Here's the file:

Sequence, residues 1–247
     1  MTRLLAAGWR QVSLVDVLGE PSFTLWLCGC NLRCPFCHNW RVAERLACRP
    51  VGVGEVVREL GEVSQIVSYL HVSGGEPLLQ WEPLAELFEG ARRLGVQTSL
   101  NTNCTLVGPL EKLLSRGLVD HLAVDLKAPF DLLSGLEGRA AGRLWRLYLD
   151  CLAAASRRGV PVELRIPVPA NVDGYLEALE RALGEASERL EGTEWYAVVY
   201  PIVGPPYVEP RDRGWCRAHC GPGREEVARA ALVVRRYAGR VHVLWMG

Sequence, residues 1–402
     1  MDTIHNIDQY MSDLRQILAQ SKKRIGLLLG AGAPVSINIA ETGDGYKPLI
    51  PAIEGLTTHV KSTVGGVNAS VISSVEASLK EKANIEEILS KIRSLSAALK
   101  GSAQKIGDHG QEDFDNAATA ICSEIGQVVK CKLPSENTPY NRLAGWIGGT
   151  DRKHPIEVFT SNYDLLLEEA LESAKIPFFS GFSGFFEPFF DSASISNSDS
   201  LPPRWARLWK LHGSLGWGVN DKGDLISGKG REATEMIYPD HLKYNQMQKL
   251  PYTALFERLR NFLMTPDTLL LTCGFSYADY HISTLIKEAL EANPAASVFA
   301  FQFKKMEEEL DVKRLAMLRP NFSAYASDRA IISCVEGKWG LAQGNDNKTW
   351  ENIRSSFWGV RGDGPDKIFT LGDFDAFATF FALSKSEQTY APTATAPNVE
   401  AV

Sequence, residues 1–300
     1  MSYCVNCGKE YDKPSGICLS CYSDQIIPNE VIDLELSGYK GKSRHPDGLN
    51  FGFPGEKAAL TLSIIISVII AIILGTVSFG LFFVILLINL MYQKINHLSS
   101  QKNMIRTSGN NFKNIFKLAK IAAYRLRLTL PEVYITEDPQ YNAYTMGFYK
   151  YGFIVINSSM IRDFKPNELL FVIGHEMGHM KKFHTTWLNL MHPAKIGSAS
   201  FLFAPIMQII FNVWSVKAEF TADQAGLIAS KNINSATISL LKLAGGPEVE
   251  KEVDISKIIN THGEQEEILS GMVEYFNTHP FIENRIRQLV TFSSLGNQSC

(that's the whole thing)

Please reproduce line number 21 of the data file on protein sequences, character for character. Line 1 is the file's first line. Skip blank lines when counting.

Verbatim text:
   151  YGFIVINSSM IRDFKPNELL FVIGHEMGHM KKFHTTWLNL MHPAKIGSAS